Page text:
Microscopic and spectroscopic characterization of humic substances from a compost amended copper contaminated soil: main features and their potential effects on Cu immobilization

1 junio, 2017 -


Medina, J.(a), Monreal, C.(b), Chabot, D.(c), Meier, S.(a)(c), González, M.E.(d), Morales, E.(a), Parillo, R.(e), Borie, F.(a), Cornejo, P.(a),


(a)Departamento de Ciencias Químicas y Recursos Naturales. Scientific and Technological Bioresources Nucleus BIOREN-UFRO, Universidad de La Frontera, Temuco, Chile
(b)Agriculture and Agri-Food Canada, Eastern Cereal and Oilseed Research Center, K.W. Neatby Building, Ottawa, K1A0C6, Canada
(c)Instituto de Investigaciones Agropecuarias (INIA), Centro de investigación Regional de Investigación Carillanca, P.O. Box 58-D, Temuco, Chile
(d)Núcleo de Investigación en Bioproductos y Materiales Avanzados (BioMA), Dirección de Investigación, Universidad Católica de Temuco, Temuco, Chile
(e)Department of Agriculture, Division of Biology and Forest Systems, University of Naples II, Via Universita, 100, Portici, NA 80055, Italy


ENVIRONMENTAL SCIENCE AND POLLUTION RESEARCH 

Volumen: 24(16) Páginas:  14104-14116

DOI: https://doi.org/10.1007/s11356-017-8981-x

Fecha de publicación:  01 de junio de 2017


Abstract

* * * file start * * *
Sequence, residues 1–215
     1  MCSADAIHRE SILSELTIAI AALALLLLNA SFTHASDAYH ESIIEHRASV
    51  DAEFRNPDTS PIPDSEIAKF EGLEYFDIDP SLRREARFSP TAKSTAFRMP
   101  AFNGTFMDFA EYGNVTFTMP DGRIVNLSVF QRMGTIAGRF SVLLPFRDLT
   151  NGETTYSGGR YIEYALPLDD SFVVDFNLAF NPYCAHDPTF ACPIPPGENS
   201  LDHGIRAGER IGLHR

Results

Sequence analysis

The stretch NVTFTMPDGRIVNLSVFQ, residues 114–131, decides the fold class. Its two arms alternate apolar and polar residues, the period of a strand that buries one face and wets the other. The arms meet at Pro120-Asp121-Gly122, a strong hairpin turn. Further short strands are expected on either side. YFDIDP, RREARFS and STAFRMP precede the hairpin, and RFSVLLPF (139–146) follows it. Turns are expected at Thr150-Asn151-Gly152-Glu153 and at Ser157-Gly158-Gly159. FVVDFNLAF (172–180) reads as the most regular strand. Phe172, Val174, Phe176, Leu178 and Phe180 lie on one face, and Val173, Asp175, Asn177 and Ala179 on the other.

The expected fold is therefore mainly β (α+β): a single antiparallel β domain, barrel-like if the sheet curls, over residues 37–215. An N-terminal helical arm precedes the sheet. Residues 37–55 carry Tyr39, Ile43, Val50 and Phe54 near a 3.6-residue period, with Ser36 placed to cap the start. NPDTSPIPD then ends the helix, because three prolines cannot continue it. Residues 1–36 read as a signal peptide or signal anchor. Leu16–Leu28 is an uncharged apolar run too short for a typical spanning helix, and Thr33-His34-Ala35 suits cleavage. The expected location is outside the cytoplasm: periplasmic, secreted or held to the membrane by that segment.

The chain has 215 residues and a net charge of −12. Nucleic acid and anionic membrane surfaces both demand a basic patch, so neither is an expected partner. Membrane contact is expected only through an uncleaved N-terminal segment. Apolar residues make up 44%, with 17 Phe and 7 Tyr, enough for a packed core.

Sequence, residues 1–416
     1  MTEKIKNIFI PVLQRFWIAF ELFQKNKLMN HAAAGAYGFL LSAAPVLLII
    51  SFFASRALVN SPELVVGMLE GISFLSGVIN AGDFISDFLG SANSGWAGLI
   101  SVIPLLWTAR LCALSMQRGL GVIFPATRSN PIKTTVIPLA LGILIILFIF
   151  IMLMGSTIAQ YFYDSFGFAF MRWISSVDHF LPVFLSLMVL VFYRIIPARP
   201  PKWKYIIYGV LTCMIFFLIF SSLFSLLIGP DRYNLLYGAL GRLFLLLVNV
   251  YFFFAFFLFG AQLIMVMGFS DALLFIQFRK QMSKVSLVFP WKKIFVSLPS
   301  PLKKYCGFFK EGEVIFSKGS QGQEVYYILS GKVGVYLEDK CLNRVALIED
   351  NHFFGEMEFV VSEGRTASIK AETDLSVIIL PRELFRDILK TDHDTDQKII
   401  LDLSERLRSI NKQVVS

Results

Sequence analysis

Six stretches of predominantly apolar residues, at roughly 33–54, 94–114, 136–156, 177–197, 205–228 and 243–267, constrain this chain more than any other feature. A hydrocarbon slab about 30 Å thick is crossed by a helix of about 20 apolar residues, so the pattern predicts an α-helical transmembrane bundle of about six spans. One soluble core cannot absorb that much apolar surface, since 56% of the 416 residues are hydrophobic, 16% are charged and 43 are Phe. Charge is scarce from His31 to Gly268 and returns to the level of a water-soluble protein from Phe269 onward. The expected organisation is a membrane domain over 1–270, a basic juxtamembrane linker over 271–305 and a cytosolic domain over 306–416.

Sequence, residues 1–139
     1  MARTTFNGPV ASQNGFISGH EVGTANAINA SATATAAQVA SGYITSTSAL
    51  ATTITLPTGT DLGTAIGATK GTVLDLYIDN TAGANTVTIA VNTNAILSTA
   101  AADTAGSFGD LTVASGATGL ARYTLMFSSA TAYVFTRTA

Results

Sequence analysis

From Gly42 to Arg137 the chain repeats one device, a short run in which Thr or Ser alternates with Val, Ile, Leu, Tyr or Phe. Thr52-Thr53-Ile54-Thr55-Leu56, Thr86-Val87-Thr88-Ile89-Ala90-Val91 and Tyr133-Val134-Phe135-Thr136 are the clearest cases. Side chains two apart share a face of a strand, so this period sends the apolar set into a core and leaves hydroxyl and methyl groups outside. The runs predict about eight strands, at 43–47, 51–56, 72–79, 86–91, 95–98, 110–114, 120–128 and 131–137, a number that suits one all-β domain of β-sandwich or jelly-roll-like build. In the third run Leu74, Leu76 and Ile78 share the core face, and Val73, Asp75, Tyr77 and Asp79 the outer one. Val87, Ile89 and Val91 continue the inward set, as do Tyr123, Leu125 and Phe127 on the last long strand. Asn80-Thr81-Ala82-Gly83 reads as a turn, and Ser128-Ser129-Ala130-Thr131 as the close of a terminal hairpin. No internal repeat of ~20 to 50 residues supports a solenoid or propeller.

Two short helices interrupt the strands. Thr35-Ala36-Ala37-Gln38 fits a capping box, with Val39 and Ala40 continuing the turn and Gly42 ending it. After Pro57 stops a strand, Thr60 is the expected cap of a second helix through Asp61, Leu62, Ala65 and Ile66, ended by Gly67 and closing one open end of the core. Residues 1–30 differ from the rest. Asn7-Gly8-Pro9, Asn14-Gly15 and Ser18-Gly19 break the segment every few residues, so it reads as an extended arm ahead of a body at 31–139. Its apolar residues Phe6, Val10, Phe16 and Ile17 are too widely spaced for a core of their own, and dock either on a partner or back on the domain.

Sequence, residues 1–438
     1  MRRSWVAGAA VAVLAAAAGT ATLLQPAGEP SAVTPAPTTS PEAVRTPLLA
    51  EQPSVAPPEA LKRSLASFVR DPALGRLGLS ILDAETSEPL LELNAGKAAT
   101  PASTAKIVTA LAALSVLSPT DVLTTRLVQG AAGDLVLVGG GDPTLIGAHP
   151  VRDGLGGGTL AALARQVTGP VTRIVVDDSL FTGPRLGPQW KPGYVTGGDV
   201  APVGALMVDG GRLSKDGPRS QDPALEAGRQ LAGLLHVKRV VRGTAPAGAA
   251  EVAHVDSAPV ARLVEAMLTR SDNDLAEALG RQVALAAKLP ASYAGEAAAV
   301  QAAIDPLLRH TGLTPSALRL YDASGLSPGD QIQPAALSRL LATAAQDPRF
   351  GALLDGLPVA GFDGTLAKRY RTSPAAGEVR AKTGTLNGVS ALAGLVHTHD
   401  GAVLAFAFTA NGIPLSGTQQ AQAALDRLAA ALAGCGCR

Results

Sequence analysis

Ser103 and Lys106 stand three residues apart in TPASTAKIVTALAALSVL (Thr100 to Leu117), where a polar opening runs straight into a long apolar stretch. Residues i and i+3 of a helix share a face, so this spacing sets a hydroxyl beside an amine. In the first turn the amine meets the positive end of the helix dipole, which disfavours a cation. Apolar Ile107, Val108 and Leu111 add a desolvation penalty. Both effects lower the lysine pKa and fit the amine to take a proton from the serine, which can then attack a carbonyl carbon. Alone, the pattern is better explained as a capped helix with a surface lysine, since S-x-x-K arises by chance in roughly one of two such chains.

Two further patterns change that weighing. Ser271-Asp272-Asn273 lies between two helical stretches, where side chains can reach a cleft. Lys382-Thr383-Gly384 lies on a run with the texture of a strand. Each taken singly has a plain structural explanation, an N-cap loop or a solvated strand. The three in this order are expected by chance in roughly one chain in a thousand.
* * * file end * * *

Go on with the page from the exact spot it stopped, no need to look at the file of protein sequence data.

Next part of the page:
We characterized humic substances (HS) extracted from a Cu-contaminated soil without compost addition (C) or amended with a wheat straw-based compost (WSC) (H1), co-composted with Fe2O3 (H2), or co-composted with an allophane-rich soil (H3). Extracted HS were characterized under electron microscopy (SEM/TEM), energy-dispersive X-ray (X-EDS), and Fourier transform infrared (FTIR) spectroscopy. In addition, HS extracted from WSC (H4) were characterized at pH 4.0 and 8.0 with descriptive purposes. At pH 4.0, globular structures of H4 were observed, some of them aggregating within a large network. Contrariwise, at pH 8.0, long tubular and disaggregated structures prevailed. TEM microscopy suggests organo-mineral interactions at scales of 1 to 200 nm with iron oxide nanoparticles. HS extracted from soil–compost incubations showed interactions at nanoscale with minerals and crystal compounds into the organic matrix of HS. Bands associated to acidic functional groups of HS may suggest potential sorption interactions with transition metals. We conclude that metal ions and pH have an important role controlling the morphology and configuration of HS from WSC. Characterization of H4 extracted from WSC showed that physicochemical protection of HS could be present in composting systems treated with inorganic materials. Finally, the humified fractions obtained from compost-amended soils may have an important effect on metal-retention, supporting their potential use in metal-contaminated soils.


 

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